And about the quote in the Supreme Court verdict from 1611 (reign of James I of England / VI of Scotland) :
    https://en.wikipedia.org/wiki/James_VI_and_I_and_the_English_Parliament .

    For political eartquakes, this will take some effort to beat in the rest of this century.

  • Richard, Bernard – the restriction of 1611 followed magna carta in 1215 and was confirmed by the Bill of Rights in 1688 (which confirmed the legal outcome of the Civil War) which makes it clear that the monarch can only act with the approval of Parliament. That was what Gina Miller’s first court action was about a couple of years ago, reminding people who should know better the most fundamental principle in UK constitutional law. It amazes me that people in politics in this country do not appear to have much understanding of the basics of our law. Just because we do not have a single constitutional document does not mean nothing is written down. Time we had a fully sorted written constitution that defines the running of parliament and its relationship with the executive (and the monarch), elections by STV, elections for the upper house, devolution to the nations and regions and no doubt much else – all key LibDem demands for decades. Our time has come?

  • Bernard Aris 24th Sep '19 - 2:43pm

    @ Rob Renold

    I’m sorry if as a Dutchman I’m not totally up to date about Britisch constitutrional law.

    Seeing the Scotish and London polls mentioned in another LDV thread ( https://www.libdemvoice.org/labours-own-polling-suggests-losses-in-london-and-wipeout-in-scotland-62167.html ), and seeing the Brexit autism on full display at Labour party conference, i don’t doubt we will do better than ever since 1859.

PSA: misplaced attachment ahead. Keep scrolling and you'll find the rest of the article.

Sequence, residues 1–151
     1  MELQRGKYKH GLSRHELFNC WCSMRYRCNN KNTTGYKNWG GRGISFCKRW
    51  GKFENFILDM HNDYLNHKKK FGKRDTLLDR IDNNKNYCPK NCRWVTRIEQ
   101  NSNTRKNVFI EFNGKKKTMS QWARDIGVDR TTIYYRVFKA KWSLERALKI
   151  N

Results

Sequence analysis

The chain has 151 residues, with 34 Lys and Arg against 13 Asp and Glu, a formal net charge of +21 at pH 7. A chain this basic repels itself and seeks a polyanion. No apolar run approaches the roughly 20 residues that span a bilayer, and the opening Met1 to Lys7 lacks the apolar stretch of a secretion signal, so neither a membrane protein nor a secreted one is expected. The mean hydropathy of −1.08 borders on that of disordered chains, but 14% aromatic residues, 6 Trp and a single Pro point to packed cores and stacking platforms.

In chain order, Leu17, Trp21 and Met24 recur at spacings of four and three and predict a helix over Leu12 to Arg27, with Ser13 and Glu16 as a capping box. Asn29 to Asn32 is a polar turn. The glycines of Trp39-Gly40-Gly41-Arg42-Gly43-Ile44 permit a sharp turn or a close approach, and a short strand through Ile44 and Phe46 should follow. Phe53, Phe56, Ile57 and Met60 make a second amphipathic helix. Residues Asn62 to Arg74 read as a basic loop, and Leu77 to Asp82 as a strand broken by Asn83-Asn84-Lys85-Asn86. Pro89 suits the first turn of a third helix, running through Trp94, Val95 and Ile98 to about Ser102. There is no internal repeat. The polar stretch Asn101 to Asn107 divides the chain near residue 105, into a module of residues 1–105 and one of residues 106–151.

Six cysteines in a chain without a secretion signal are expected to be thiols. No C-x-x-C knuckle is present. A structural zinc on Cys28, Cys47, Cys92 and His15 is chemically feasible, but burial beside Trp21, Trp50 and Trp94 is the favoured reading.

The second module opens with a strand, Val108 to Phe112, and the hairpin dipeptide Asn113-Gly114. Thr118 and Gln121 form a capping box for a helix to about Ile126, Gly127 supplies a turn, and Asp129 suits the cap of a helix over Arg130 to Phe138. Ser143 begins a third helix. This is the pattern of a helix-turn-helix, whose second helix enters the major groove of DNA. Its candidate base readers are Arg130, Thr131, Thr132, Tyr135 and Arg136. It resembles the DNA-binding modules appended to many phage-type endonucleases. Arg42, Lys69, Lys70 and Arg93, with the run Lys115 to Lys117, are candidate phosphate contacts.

• Geoffrey Dron 24th Sep '19 - 9:03pm

    http://www.bailii.org/uk/cases/UKSC/2019/41.html

    It’s worth reading the full judgment – link above.

  • Richard Underhill 25th Sep '19 - 12:02am

    Rob Renold 24th Sep ’19 – 2:25pm Thank you.
    Yes, We need a codified and written constitution.
    Gordon Brown tried as PM but David Cameron opposed it.

  • Peter Hirst 25th Sep '19 - 5:28pm

    What is preventing this from recurring with perhaps even more severe outcomes? We need to improve our rules and introduce sanctions for politicians breaking the law. Then, we might improve our politics and increase trust in it by the electorate.

  • Richard Underhill 25th Sep '19 - 11:19pm

    There was no PMQ today but Boris Johnson made a statement. A Plaid Cymru MP quoted from the former MP for Henley, then editor of the Spectator, calling for impeachment of Tony Blair because of the war in Iraq.
    ” the process was first used by the English “Good Parliament” against Baron Latimer in the second half of the 14th century”
    https://en.wikipedia.org/wiki/Impeachment
    Other MPs did not follow up her suggestion.

  • Richard Underhill 25th Sep '19 - 11:23pm

    The last was that of Henry Dundas, 1st Viscount Melville in 1806